Love Is The Strongest Medicine: Notes from a Cancer Doctor on Connection, Creativity, and Compassion

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I started yoga in 1988.

I took it as my mandatory gym class first semester at Penn State.

My roommate Freddy made fun of me.

"I'd walk in and you'd be doing some weird-ass headstand dude."

Thirty-one years later, he sends me pictures of him in a suspended headstand.

He tells me I was right all along.

Ahead of my time.

But I wasn't.

Yoga began long before my physical education requirement.

It began as an ancient practice.

One that originated in India circa 3000 B.C.

Stone-carved figures of yoga postures and shit.

I fell in love with it after my first class.

Bought books about it.

What was this "yoga means union" stuff all about?

The goal of yoga is union?

With what?




None of the above?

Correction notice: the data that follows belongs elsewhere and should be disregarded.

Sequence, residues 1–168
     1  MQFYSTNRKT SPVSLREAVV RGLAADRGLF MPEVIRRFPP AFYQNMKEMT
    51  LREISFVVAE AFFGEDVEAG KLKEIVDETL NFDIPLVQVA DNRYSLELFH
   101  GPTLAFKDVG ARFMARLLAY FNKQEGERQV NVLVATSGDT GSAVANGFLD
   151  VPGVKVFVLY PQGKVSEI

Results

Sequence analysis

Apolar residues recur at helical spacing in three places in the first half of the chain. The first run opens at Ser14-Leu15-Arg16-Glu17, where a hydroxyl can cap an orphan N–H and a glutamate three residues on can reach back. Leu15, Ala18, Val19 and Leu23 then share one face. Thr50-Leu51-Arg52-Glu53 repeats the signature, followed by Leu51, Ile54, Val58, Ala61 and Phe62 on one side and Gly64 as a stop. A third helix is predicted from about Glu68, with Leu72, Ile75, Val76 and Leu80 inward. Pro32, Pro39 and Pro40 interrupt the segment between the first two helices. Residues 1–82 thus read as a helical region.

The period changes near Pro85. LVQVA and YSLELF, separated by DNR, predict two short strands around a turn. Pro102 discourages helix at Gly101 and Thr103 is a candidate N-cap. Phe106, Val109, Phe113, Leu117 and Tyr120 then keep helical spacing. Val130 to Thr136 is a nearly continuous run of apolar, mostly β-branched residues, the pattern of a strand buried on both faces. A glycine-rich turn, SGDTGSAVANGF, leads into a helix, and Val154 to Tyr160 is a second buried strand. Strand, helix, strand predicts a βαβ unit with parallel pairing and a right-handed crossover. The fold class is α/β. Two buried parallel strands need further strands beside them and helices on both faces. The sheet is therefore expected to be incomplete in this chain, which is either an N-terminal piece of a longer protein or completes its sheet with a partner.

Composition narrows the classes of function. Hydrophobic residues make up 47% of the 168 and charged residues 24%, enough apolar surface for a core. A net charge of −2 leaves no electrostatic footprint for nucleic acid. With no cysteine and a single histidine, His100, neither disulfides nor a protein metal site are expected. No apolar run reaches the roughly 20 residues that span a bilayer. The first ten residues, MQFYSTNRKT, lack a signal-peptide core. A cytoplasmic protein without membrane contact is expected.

All of the above?

I wasn't studying for a multiple-choice exam.

I was studying higher consciousness.


Without magic mushrooms.

My body was skinny.

My soul was in arrested development.

But my mind, which stood in between my body and soul, was ready.

Primed for some calmness, coolness, and collectedness.

I had anxiety.

It was pervasive.

Created by my mind.

Solved by my mind.

Pursuing mastery over myself.

Over my mind.

Cultivating peace.

Fostering concentration.

Dissolving distraction.

Meditatively minimizing my monkey mind.

So began my yoga journey in State College, Pennsylvania.

I began to feel positivity.

I began to experience joy.

From the inside out.

More creative.

More purpose-driven.

Purposefully creative.


Seeing myself as I really am.

Thought, speech, and action unified.

Focusing my energy on that which brings lasting joy.

Union, baby!